You can see eight pieces of replacement fishscale in this corner. What you don't see are the many, little pieces of shingle it took to build it up for the finish fishscale.

Another puzzle piece. This one was easier but note the size of it compared to those around it.

75% of the fishscale were the same in general size but the other 25%, such as this one, were irregular and appear to have been used as bridging pieces.

The one you see here is a duplicate based on the remains of the original. I will talk about this process in a later post.

It took most of the day to replace the fishscale that could be reached without adding a second level to the scaffolding. When finished the workday was over.

We decided that the following day I would devote to glazing windows and SWMBO (since she would have the day off) would get to work with her father.

The next two pictures are of me glazing away at about 20 some-odd feet.





































Since turnabout's fair play I decided to take a few pics of SWMBO working.

Here she is helping her dad install the pieces of fascia that the guttering will be attached to.




She was so pleased with herself at this point - she actually used the cordless drill to attach a piece of the fascia.

It might not sound like a big deal but trust me, it was! Do you have any idea how hard it is to screw something into 100+ year old wood?! Also, the screws we needed to use were not small ones; take a look to the left of her father's hand - that's part of a 3.5" screw.

I will be doing a special post on what it took to deal with this old wood soon.

Here they both are working on the east gable; I was still glazing away.

At this point there is still only one level of scaffolding up there.

Before I leave you let me share a few more pics showing some of the small projects being worked on or finished during this time period.

The white stripe is what you need to notice in this picture. It is the new crown moulding that is under the built-up area the gutter will be attached to. When the gutters are installed they will create a 'double crown' effect.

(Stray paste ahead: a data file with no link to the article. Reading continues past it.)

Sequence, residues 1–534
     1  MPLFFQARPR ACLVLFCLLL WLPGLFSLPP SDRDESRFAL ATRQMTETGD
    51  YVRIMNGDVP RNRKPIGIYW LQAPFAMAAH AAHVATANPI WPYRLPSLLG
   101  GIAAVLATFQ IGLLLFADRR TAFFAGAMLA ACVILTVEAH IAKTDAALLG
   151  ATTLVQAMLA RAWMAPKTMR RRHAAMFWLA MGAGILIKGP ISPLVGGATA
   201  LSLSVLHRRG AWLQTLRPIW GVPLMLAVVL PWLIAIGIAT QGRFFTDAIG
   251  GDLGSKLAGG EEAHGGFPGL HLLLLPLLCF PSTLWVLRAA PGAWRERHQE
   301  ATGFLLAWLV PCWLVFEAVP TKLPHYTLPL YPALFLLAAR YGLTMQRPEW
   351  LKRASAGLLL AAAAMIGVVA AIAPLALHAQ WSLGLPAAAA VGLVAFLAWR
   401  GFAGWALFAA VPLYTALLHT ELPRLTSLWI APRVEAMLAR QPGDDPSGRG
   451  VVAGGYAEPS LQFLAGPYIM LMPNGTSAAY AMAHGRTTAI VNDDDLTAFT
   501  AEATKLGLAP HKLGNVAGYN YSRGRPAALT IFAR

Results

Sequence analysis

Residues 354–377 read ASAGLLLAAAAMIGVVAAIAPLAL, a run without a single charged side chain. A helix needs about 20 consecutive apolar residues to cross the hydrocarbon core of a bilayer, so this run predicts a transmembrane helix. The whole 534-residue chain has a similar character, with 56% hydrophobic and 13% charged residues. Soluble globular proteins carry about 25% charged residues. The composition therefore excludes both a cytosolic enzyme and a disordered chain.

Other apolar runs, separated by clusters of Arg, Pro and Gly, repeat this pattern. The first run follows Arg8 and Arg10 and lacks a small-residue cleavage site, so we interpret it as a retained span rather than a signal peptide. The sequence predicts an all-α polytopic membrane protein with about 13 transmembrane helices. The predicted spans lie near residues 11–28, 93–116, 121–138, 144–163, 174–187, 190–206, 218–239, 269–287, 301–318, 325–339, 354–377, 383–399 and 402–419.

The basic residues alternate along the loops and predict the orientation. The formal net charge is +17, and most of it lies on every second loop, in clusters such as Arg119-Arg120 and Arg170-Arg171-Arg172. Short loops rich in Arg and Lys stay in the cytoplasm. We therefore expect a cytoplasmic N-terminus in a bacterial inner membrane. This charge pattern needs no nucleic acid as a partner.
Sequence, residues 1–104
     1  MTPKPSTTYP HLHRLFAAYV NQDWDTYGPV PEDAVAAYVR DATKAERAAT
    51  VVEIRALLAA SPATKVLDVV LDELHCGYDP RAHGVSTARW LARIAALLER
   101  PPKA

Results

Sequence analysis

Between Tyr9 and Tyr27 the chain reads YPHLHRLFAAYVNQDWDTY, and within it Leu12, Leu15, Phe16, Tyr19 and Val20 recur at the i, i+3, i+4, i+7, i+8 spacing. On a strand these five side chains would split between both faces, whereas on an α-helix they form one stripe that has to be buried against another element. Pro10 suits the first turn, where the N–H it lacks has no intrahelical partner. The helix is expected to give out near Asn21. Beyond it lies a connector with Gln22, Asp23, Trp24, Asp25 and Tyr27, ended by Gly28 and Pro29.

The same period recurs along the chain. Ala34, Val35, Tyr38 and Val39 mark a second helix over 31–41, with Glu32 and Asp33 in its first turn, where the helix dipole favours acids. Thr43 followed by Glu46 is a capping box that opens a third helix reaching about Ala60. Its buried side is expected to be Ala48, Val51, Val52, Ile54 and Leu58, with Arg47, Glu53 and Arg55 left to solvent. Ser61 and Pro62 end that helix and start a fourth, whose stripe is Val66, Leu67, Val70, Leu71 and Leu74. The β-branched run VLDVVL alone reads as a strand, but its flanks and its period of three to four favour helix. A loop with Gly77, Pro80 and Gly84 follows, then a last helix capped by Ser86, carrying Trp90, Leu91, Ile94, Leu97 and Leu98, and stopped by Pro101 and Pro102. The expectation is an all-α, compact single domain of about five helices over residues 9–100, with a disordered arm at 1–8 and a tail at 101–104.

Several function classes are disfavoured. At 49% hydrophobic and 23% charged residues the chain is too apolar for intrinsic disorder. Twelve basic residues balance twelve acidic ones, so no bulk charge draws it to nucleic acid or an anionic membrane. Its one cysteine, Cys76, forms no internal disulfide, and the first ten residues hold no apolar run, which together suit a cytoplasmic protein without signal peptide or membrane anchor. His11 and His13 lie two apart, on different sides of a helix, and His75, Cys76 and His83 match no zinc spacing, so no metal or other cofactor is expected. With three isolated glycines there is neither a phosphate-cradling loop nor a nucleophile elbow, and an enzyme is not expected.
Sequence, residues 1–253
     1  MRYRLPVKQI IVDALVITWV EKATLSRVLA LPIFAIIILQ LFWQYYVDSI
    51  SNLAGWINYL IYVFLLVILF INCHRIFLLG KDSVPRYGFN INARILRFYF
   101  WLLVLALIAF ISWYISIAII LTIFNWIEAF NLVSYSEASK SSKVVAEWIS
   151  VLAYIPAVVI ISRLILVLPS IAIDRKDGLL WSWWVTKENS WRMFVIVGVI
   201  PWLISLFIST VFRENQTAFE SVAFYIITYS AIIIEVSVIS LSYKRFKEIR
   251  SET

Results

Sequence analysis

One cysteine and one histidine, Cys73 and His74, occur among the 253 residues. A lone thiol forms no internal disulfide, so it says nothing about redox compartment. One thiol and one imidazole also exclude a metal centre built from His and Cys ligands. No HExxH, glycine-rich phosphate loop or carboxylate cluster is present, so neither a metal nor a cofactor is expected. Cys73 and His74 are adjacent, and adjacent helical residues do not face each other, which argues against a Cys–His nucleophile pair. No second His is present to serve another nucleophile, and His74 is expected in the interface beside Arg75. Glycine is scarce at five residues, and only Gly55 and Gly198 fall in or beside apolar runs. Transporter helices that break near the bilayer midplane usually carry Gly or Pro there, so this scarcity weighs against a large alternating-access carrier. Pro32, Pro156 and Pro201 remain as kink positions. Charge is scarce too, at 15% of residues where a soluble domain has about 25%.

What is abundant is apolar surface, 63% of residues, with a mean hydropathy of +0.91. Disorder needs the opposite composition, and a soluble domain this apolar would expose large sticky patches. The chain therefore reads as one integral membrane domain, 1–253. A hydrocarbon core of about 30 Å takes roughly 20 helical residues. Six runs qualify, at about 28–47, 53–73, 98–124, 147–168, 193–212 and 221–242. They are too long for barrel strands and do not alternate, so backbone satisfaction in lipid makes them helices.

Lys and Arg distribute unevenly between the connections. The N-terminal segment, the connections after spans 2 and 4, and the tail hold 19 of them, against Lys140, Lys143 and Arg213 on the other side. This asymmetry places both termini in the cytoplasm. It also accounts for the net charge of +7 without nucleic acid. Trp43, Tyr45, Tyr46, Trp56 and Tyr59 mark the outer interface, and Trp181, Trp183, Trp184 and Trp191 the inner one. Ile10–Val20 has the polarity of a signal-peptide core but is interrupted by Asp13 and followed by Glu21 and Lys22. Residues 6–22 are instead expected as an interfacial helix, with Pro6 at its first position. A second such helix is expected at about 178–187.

This blob of gray is the the second layer in that rotten spot under the kitchen window. The gray stuff is bondo for wood. Once this is sanded down a bit another layer will be added.

Note that the exterior window casing above it is missing. It was in such bad shape I've decided to replace it.

This last one is just a few scraps of old clapboard attached to a board. The intention is for SWMBO to use it in order to make a decision as to what colors will be used on the fishscale.

As to this project - lets not go there... The colors have been decided upon but it was a very painful process. At least this mock-up did what it was to do. Perhaps I will share pics of it being used in a later post.

While we're on the topic of fishscale colors...

To give you an idea how far we have come since my last post, and how much I need to fill you all in on, the east gable is basically painted and finished. All we lack in order to call that part 'complete' is about 3 more hours of paint touch-up.

Well, it's late and I'm tired so I'll go ahead and close this post.

Till next time...

Cheers!
Larry

4 comments:

purejuice said...

hi, i started at the beginning and just arrived here. this scraping and painting is epic, man. i can't wait for the next installment. the lead i'm inhaling must be affecting my IQ -- i love this stuff, and haven't read another such epic since greg at petch house painted his fish scales. that just about killed me.

Omar said...

Wow, you guys are doing some serious work. Amazing. Keep it up!

rustbeltrebel said...

Loving the tied dyed shirt, very cool!

The progress is looking awesome!

StuccoHouse said...

Very impressive progress! I have virtually identical wasps nests where my eaves meet too. And after seeing you scaffolding, I am going to stop whining about how tall my ladder is :)